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December 2018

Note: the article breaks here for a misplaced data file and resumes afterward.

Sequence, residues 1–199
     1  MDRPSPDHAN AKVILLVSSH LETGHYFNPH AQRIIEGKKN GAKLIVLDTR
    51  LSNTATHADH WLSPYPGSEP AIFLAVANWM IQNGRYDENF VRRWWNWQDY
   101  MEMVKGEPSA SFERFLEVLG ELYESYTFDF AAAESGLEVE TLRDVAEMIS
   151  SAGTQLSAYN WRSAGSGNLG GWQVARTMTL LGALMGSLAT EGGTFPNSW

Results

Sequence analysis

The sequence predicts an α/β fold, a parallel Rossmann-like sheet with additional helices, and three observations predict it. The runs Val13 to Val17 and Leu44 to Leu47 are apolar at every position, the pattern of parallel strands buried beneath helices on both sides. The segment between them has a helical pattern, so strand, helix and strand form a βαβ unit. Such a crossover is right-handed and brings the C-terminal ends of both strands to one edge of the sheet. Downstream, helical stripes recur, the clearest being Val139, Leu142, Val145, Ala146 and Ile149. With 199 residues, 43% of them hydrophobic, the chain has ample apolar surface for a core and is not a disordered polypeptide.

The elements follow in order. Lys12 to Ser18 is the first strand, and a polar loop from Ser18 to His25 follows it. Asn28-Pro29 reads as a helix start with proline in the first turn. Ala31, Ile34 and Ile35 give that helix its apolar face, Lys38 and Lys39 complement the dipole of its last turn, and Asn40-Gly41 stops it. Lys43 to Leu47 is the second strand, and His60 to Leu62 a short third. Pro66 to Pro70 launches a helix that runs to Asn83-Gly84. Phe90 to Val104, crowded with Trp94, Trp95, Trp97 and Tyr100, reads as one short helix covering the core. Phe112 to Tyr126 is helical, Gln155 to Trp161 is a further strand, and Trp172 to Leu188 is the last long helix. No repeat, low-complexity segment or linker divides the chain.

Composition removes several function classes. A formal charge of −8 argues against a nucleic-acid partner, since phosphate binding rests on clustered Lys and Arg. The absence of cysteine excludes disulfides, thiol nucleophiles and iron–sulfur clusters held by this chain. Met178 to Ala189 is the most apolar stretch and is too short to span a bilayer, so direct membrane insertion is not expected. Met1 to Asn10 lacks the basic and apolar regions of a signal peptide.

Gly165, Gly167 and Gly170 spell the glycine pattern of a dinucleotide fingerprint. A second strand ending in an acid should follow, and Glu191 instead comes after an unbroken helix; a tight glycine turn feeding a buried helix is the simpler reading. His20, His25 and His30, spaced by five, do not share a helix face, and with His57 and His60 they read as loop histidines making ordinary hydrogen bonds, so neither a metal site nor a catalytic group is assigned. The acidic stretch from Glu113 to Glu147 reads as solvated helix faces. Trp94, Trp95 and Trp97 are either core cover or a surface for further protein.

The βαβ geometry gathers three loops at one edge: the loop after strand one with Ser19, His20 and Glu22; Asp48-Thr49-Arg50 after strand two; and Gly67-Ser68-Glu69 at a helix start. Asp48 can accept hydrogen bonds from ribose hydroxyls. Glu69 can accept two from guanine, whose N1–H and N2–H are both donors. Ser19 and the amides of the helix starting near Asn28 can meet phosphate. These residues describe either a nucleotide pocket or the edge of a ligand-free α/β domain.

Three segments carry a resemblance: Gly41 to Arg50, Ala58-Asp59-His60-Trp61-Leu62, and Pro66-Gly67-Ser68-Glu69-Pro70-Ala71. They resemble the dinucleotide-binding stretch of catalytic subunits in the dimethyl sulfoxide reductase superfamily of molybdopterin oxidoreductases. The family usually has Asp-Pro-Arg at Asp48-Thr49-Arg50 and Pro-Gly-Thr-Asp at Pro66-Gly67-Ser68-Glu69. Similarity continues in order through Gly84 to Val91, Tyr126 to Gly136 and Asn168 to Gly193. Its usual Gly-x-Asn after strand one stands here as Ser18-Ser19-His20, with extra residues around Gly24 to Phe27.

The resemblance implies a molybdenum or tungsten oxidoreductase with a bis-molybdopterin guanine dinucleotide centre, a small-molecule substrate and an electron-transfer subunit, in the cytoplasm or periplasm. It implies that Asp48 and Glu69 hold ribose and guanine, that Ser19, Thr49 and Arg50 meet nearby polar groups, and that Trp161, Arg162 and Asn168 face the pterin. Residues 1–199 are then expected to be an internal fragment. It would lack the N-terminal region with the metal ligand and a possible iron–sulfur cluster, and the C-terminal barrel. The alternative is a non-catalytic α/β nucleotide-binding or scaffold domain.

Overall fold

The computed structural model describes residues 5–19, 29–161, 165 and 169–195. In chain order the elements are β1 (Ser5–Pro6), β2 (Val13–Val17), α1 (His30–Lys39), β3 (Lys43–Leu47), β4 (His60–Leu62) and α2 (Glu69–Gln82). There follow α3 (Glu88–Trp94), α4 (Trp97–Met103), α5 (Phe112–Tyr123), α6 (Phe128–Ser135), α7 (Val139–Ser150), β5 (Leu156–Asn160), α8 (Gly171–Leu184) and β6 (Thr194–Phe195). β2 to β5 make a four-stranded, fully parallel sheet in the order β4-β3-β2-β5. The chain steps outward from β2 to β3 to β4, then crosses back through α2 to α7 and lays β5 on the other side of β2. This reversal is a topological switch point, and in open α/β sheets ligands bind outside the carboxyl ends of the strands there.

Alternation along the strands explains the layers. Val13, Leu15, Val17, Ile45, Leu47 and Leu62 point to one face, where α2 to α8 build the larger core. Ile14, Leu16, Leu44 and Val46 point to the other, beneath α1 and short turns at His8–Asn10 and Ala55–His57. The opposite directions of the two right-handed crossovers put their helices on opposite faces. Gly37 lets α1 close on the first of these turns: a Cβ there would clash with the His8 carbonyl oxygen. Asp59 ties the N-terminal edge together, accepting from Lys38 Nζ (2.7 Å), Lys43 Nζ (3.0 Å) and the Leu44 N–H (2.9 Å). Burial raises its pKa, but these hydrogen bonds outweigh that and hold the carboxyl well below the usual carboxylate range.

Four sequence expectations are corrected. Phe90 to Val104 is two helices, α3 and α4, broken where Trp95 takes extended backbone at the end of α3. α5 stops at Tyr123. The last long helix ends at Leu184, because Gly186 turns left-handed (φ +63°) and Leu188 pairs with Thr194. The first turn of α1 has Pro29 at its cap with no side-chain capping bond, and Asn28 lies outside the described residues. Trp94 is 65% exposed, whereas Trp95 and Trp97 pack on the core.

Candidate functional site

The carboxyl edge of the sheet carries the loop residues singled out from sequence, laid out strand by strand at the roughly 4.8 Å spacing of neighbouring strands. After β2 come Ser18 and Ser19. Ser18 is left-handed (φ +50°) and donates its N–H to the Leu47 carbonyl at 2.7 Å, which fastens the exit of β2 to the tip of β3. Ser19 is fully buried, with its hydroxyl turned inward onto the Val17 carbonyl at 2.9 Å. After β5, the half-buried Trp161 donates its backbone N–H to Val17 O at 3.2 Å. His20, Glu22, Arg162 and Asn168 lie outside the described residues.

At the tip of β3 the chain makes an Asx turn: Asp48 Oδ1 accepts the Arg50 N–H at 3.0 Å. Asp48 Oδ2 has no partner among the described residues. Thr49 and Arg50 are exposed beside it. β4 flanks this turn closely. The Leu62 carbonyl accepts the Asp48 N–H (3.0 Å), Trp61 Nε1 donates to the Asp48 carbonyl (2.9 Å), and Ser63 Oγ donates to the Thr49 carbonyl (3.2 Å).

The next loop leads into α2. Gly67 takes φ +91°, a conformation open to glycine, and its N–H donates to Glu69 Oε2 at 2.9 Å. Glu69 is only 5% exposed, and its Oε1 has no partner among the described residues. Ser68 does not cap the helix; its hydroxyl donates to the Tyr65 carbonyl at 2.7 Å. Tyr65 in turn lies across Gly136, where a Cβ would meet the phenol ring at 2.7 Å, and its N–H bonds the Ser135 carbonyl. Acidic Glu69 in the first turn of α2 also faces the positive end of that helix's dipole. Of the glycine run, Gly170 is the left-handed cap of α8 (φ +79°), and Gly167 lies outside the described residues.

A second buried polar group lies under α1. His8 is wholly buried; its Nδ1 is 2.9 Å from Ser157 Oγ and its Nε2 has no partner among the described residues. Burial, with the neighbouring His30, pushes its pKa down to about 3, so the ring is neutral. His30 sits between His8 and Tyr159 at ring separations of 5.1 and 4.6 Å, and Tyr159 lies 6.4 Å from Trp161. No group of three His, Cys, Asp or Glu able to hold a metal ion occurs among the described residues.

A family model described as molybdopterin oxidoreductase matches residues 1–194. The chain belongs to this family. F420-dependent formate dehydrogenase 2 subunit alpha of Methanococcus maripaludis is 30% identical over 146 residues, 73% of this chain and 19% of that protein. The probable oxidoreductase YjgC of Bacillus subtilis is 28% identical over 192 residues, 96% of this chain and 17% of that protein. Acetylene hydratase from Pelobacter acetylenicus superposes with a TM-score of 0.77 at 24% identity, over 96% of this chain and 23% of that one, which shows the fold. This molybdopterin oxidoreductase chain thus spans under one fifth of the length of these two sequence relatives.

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Page 13 of 43 12 POST DECEMBER 2018 DIRECTOR'S CHAIR ob Marshall was probably des- tined to direct the new Mary Poppins film, a sequel to the 1964 Disney classic. After all, the former dancer and choreographer's name has virtually become synonymous with the movie musical, and over the last two decades he's single-handedly done more than anyone else to revive the long mori- bund genre, which was once the crown jewel of Hollywood's Golden Days. He made his feature directorial debut in 2002 with Chicago, which won the Best Picture Oscar and a Best Director nomination, and since then has brought two other hit Broadway musicals to the big screen, each with large ensembles of high profile stars — Nine and Into the Woods. For Mary Poppins Returns, he took on an even bigger challenge — creating an all-original musical from scratch that combines live action and animation, big production numbers, dancing and sing- ing, practical and stage locations, and a ton of VFX. The film stars Emily Blunt as Mary Poppins, supported by a huge cast that includes Lin-Manuel Miranda and Meryl Streep (who both know a thing or two about musicals), Ben Whishaw, Emily Mortimer, Colin Firth, the legend- ary Dick Van Dyke, who starred in the original film, and Angela Lansbury (who also knows a thing or two about musi- cals). Marshall also assembled a stellar team behind the cameras that included his longtime Academy Award-winning cinematographer Dion Beebe, editor Wyatt Smith, and co-writers John DeLuca and David Magee. Here, in an exclusive interview with Post, Marshall, whose credits include Memoirs of a Geisha and Pirates of the Caribbean: On Stranger Tides, talked about making the film, and everyone's need of a little Mary Poppins in their lives. How nervous were you taking on this iconic, much-beloved project? "Incredibly nervous, to be honest. But I was also so excited as I loved the orig- inal film so much and it was so deep inside me. It was the first film I ever remember seeing and I felt a great deal of responsibility about it. But I knew they'd do this film eventually, and I felt, if that's the case, I'd like to be the one doing it, as I'd approach it with great care and great passion and great atten- tion to detail — all of that." This has been called 'a remake,' but that must be very irritating as it's definitely not. (Laughs) "You're right, it is irritating. It's a sequel, not a remake. People forget that P.L. Travers actually wrote eight books, so there's a wealth of material there, though it's mostly adventures, and none of the books have any real narrative at all. But I felt there was a lot to work from, and I just felt it was time to do it." What sort of film did you set out to make? "I wanted to create a completely new, original Mary Poppins story, but one that really honors and respects the original. And because of the times we live in, I wanted to create something uplifting and inspiring, to send out a message of hope, joy, wonder and magic — some- thing life-affirming, I guess. And that was deeply personal to me and why I was so excited about the idea of returning to this wonderful world again, and making this companion piece to the original." What were the main technical challenges in pulling it all together? "I've done some big, complex films and shows, but this was easily the most chal- lenging thing I've ever done, because it's this big mix of live action and animation, with big production numbers full of ROB MARSHALL ON DISNEY'S MARY POPPINS RETURNS BY IAIN BLAIR CREATING A SEQUEL WHILE PAYING HOMAGE TO AN ICONIC FILM R Rob Marshall on-set with Emily Blunt.

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